The files are compressed and for easier handling during the next steps, we will extract the data:

tar -xzf LSURef_108_tax_silva_trunc.fasta.tgz
tar -xzf SSURef_108_tax_silva_trunc.fasta.tgz

(This will generate about 1 GB of output.)

Reformat extracted SILVA fasta files to remove spaces, convert RNA into DNA sequences, remove exact duplicates for a given accession number, and have sequence IDs in following form:


The first input for the Perl script (formatSilvaData.pl) is the extracted FASTA file and the second one the name of the output file and sequence identifiers:

perl formatSilvaData.pl LSURef_108_tax_silva_trunc.fasta slr108
perl formatSilvaData.pl SSURef_108_tax_silva_trunc.fasta ssr108

If the taxon information is not available for a sequence (based on ARB), then SILVA assigns either "Unclassified", "unclassified", "other", or any other term that they decide to use in a new release. If the assignment is not one of the three listed here, then there will be a warning written to STDERR and the Perl script needs to be modified accordingly.

The output of the Perl script are the processed FASTA file and a file containing the taxon information. The taxon information is currently not used in the standalone version, but is required for the web-based version. For the two perl commands above, the output files are:

slr108.fasta   ssr108.fasta   slr108.taxon   ssr108.taxon

The last step is to create the database index. Since riboPicker uses BWA-SW in the backend, the processed FASTA file will be indexed using the BWA index function:

./bwa64 index -p slr108 slr108.fasta
./bwa64 index -p ssr108 ssr108.fasta

Make sure that you use the BWA version included in the riboPicker package to make sure you create the correct index for the modified BWA-SW program version. Instead of bwa64 you can use bwaMAC if you are running the commands on a Mac. If the bwa64 file is not in the current directory, you need to specify the path to the file instead of using "./bwa64" use e.g. "../ribopicker/bwa64 index -p slr108 slr108.fasta".

After creating the database index, copy the index files into the database directory of your choice and follow the instructions in the README file to setup riboPicker for the database use.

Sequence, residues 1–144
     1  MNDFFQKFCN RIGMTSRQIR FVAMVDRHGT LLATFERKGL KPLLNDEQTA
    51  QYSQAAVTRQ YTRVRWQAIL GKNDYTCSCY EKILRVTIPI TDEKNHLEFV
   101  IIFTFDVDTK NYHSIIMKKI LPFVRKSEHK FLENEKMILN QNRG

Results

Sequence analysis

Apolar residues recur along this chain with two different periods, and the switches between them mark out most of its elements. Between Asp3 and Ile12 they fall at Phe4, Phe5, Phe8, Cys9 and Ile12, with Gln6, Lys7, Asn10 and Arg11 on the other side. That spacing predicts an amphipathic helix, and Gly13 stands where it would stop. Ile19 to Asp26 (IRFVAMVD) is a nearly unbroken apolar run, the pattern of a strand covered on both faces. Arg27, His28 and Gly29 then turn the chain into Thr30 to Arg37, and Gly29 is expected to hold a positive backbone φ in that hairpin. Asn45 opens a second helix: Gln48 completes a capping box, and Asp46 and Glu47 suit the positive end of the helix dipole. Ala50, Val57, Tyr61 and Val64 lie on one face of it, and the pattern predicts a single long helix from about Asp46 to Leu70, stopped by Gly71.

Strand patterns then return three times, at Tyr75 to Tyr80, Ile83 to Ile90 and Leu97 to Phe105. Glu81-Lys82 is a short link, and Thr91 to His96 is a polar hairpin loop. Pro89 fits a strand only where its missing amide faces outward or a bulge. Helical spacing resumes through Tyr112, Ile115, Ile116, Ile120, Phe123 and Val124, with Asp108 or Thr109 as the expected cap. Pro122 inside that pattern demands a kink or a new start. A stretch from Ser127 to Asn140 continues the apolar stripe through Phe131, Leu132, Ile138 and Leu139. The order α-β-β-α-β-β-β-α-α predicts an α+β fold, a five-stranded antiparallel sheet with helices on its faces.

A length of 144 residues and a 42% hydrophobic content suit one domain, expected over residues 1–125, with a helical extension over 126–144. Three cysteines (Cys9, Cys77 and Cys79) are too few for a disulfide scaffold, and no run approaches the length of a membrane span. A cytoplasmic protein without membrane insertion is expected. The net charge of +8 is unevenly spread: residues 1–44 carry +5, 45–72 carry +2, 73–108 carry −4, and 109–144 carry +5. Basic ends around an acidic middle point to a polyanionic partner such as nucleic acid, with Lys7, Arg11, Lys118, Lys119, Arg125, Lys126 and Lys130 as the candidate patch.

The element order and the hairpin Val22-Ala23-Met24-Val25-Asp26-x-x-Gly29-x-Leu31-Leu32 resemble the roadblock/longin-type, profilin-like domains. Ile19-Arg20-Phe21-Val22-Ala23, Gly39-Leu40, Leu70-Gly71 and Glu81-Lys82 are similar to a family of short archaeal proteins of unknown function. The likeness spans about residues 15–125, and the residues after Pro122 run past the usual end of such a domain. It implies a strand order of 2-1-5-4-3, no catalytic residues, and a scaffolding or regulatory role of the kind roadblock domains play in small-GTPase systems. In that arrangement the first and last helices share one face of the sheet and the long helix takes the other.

Ribosomal Database Project RDP-II database

The Ribosomal Database Project RDP-II database (http://rdp.cme.msu.edu/misc/resources.jsp and http://www.ncbi.nlm.nih.gov/pubmed/19004872) provides researchers with quality-controlled bacterial and archaeal small subunit rRNAs.

How To

The steps are similar to the ones described for SILVA and therefore, are shortened to only highlight the differences. The example commands are for version 10.28 and need to be modified for later releases of the database.

Get raw data (GenBank format and unaligned):

wget http://rdp.cme.msu.edu/download/release10_28_unaligned.gb.gz

Extract data:

gzip -d release10_28_unaligned.gb.gz

Format data (formatRdpData.pl):

perl formatRdpData.pl release10_28_unaligned.gb rdp1028

Create database index:

./bwa64 index -p rdp1028 rdp1028.fasta

GreenGenes database

The GreenGenes database (http://greengenes.lbl.gov/ and http://www.ncbi.nlm.nih.gov/pubmed/16820507) is a 16S rRNA database.

How To

The steps are similar to the ones described for SILVA and therefore, are shortened to only highlight the differences. The example commands are for the release from May 31, 2011 and need to be modified for later releases of the database.

Get raw data (GreenGenes format):

wget http://greengenes.lbl.gov/Download/Sequence_Data/Greengenes_format/greengenes16SrRNAgenes.txt.gz

Extract data:

gzip -d greengenes16SrRNAgenes.txt.gz

Format data (formatGreengenesData.pl):

perl formatGreengenesData.pl greengenes16SrRNAgenes.txt gg20110531

Please note that the raw database may contain sequences annotated as vectors. If the phylum information is not available for Eukaryota, the next available classification such as family is used (if available).

Create database index:

./bwa64 index -p gg20110531 gg20110531.fasta

NCBI archaeal/bacterial complete genomes rRNA database

The NCBI archaeal/bacterial complete genomes rRNA database contains data from the Microbial Genomes Resources (http://www.ncbi.nlm.nih.gov/genomes/MICROBES/microbial_taxtree.html and http://www.ncbi.nlm.nih.gov/pubmed/21097890) that present public data from prokaryotic (Archaea and Bacteria) genome sequencing projects. The sequence collection contains data from finished genomes as well as draft assemblies.